Theresa May's Brexit plans questioned by EU chief Barnier

The EU's chief Brexit negotiator has questioned whether the Prime Minister Theresa May's proposals for customs arrangements are workable, in his first public response to last week's white paper.

Theresa May. Picture: Ian Georgeson
Theresa May. Picture: Ian Georgeson

Speaking after briefing ministers from the 27 remaining EU states in Brussels yesterday, Michel Barnier said the white paper has opened the way for “constructive discussions” on the post-Brexit relationship between the EU and the UK.

He indicated the EU was ready to amend its “backstop” proposals for the Irish border, which have become the biggest stumbling block in talks.

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He said there were elements of the plan agreed by the Cabinet earlier this month at Chequers which the European Commission did not understand, and said further discussions would be needed over the coming weeks to establish how much “common ground” exists between London and Brussels.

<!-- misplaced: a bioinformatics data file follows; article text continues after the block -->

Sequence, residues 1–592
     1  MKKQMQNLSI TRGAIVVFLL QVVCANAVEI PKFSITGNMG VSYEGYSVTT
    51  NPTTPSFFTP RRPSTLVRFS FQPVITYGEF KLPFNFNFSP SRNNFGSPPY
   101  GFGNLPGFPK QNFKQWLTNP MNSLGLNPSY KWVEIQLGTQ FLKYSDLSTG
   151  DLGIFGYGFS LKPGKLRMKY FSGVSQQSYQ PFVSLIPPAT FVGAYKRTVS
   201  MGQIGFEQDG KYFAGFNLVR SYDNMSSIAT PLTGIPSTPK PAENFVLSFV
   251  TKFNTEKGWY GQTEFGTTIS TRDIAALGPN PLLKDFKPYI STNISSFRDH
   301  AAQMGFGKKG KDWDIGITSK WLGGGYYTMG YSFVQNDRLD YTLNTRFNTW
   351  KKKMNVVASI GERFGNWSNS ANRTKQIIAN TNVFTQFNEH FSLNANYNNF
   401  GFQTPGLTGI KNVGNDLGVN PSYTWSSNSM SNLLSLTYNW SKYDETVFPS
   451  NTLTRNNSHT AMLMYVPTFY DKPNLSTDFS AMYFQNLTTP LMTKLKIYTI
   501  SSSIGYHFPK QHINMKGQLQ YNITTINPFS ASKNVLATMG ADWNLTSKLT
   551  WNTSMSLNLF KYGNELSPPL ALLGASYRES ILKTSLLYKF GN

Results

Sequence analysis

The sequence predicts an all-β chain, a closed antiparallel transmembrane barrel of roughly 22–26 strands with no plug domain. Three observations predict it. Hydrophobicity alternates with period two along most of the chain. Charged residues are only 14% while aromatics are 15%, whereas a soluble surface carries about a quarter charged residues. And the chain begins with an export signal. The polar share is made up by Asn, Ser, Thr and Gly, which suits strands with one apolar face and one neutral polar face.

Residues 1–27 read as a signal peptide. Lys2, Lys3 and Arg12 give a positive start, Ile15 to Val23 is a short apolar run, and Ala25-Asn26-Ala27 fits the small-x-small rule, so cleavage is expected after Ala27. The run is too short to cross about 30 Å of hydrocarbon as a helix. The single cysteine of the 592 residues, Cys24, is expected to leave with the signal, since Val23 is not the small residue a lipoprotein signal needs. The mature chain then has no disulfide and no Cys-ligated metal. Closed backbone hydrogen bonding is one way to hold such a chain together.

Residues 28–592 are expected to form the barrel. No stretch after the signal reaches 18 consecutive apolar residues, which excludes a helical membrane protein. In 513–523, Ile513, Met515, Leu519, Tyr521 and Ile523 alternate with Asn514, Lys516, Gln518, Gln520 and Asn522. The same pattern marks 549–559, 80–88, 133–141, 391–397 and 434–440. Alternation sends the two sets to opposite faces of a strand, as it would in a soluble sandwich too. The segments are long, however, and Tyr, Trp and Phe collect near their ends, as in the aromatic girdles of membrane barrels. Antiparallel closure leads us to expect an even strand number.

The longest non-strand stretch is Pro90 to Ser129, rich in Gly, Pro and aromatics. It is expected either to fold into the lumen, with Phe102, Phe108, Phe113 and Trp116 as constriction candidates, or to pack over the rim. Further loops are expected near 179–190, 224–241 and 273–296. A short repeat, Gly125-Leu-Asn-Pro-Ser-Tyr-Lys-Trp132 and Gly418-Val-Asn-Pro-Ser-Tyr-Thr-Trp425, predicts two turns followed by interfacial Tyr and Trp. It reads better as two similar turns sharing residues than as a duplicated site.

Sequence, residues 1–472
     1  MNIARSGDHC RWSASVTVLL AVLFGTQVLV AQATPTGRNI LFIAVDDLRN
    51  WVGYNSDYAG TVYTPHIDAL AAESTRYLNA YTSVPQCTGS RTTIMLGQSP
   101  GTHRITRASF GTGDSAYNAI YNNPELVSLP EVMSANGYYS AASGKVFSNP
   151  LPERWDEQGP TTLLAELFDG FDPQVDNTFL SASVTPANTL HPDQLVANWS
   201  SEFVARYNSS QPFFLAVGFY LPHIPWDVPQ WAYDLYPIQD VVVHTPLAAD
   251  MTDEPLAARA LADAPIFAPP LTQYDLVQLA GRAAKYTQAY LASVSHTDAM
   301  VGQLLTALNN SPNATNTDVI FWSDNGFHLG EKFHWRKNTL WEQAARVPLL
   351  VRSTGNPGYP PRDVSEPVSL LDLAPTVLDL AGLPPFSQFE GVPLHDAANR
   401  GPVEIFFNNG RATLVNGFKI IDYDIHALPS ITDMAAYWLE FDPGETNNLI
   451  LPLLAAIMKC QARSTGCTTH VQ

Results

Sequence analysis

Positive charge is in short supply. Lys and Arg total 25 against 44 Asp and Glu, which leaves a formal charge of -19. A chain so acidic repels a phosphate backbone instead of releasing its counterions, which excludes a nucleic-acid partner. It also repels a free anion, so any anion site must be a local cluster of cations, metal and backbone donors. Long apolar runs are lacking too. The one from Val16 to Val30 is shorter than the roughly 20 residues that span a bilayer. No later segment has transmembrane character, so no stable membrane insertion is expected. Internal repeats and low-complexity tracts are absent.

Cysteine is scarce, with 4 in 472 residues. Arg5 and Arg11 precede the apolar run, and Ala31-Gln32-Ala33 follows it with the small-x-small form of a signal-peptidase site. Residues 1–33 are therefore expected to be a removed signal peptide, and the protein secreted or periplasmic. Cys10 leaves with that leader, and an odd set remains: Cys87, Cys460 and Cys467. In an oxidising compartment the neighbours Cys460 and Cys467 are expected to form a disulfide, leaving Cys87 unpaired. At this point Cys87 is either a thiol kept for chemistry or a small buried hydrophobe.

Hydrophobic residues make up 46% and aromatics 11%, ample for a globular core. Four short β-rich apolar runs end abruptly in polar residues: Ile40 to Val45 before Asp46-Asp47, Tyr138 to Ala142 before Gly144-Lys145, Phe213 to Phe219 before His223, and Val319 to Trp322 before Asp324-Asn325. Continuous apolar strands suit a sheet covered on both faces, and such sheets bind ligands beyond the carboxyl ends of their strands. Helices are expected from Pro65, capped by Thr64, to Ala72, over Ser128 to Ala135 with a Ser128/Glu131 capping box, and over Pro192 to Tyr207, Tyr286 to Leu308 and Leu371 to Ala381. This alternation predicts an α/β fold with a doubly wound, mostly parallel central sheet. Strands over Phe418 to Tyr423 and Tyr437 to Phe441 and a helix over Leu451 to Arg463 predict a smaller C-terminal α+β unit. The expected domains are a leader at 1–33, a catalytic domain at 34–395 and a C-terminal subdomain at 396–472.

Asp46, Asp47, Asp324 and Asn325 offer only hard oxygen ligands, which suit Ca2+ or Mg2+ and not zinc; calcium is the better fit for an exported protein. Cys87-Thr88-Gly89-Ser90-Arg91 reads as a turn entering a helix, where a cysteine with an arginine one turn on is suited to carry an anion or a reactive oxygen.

Mrs May’s proposal for a “facilitated customs arrangement” opened up the risk of major fraud, additional bureaucracy and damage to EU businesses, he said.

Tory arch-Eurosceptic Jacob Rees-Mogg said Mr Barnier’s “aggressive” comments “show why we are right to be leaving the mafia-like European Union”.

Mr Barnier was speaking shortly after Mrs May issued a challenge to Brussels to “evolve” its negotiating position in response to the publication of her Brexit blueprint.

In her first major Brexit speech since the wave of ministerial resignations which followed her Chequers deal, the Prime Minister described the proposals as “a significant development of our position … a coherent package”.

And she said: “It is now for the EU to respond – not simply to fall back on to previous positions which have already been proven unworkable, but to evolve their position in kind.

“And, on that basis, I look forward to resuming constructive discussions.”

Speaking in Belfast, Mrs May also took aim at critics from the hard Brexit wing of the Conservative Party, accusing them of being ready to “betray” the people of Northern Ireland and the Republic.

She took on the argument of prominent Eurosceptics including Jacob Rees-Mogg, who say the UK should simply declare it will impose no checks on its side of the Irish border and leave it to Brussels to decide whether to require the Republic to erect barriers on the other. Mrs May restated her implacable opposition to the EU backstop, which she said would involve the creation of a customs border within the UK, which was “something I will never accept”.